Social Practice and Shared History, Not Social Scale, Structure Cross-Cultural Complexity in Kinship Systems

Topics in Cognitive Science Vol/Iss. . Wiley Periodicals, Inc. Published In Pages: 1-22
By Rácz, Péter, Passmore, Sam, Jordan, Fiona M.


Bilateral or ambilineal descent systems are likely to have less complex kinship systems than patrilineal or matrilineal ones (11).


Robust predictors = (-1.5>z>1.5). Z-scores listed below are in the following order: matrilineal, bilateral or quasi-lineage, duo or ambilineal, and mixed


Test NameSupportSignificanceCoefficientTail
UNKNOWNSupportedz-scores = -0.47, -7.2, -3.7, and -3.8UNKNOWNUNKNOWN

Related Hypotheses

Main AuthorHypothesis
Aberle, David F."Matrilineal systems are relatively more frequent in the 'dominant horticulture' category than either bilateral or patrilineal systems, at high levels of stratification. They are more commonly in the 'dominant horticulture' category than patrilineal systems at low levels; there is no significant difference between matrilineal and bilateral systems at this level" (698)
Murdock, George Peter". . . matrilineal extension [of incest taboos] is strongly associated with the presence of matrilineal kin groups, patrilineal extension with patrilineal kin groups, and extension in both directions with the presence of double descent" (307)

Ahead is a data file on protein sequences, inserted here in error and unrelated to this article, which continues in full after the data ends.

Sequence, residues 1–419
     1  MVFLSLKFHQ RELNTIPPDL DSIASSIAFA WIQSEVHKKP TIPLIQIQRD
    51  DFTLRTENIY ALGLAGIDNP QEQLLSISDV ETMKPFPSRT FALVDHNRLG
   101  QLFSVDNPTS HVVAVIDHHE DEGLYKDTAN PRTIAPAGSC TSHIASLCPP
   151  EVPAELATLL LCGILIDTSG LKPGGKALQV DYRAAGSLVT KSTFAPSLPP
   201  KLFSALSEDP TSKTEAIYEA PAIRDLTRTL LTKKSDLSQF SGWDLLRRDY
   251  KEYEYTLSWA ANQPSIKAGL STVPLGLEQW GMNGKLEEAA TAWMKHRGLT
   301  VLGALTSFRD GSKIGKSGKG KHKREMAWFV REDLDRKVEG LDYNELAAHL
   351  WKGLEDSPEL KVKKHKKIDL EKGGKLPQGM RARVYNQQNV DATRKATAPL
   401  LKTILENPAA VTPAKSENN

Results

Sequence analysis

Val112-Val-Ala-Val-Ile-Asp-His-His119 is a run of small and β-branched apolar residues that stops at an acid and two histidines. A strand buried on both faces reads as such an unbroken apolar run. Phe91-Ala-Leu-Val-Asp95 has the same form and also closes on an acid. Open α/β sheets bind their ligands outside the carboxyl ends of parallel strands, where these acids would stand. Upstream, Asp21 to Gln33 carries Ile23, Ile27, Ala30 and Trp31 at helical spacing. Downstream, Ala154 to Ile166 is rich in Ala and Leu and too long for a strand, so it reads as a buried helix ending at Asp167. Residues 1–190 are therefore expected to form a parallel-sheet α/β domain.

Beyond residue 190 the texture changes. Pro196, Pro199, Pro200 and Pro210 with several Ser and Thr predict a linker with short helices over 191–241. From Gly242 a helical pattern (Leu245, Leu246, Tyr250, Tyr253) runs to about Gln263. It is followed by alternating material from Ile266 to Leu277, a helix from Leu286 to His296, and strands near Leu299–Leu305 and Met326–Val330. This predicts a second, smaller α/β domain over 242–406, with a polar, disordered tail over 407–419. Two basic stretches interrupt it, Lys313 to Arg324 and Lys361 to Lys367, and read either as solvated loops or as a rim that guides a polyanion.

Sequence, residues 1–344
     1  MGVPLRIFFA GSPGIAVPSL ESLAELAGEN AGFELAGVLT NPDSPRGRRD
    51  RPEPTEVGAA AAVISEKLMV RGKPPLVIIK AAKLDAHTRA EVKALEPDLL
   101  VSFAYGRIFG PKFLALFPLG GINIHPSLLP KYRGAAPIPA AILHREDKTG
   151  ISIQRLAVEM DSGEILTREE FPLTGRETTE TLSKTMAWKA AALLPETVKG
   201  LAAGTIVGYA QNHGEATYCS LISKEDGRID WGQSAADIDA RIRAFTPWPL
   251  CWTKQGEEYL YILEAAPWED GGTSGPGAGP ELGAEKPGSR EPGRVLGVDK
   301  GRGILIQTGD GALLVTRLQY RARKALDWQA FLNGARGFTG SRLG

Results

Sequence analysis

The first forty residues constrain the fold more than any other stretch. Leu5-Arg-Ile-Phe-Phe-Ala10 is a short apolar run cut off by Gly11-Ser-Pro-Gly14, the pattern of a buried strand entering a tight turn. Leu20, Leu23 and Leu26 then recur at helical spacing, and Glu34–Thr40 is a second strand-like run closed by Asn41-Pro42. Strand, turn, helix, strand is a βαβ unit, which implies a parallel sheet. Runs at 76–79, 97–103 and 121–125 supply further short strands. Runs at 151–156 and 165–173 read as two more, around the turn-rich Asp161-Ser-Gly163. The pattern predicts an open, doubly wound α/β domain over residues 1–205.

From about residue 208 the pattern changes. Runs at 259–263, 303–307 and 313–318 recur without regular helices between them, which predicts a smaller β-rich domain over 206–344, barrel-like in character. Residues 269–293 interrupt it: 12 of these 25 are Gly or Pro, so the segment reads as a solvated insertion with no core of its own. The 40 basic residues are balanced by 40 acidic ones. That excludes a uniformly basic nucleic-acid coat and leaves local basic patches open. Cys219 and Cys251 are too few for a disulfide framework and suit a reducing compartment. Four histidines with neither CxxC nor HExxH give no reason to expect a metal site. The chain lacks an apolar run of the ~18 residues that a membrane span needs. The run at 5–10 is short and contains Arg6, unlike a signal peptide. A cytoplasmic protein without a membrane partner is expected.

Aberle, David F.[Descent is related] ". . . to stratification. . . . Matrilineal systems tend to have hereditary, rather than complex stratification to a greater degree than . . . patrilineal and bilateral systems" (698)
Aberle, David F."If we compare 'dominant horticulture' with all [other subsistence types], we find that matrilineal systems tend to be found significantly more often in this category than either patrilineal or bilateral systems" (676)
Aberle, David F."Both matrilineal and patrilineal systems tend to cluster at the 'minimal state' level by comparison with bilateral systems, which tend to appear at the extremes of political scope" (684)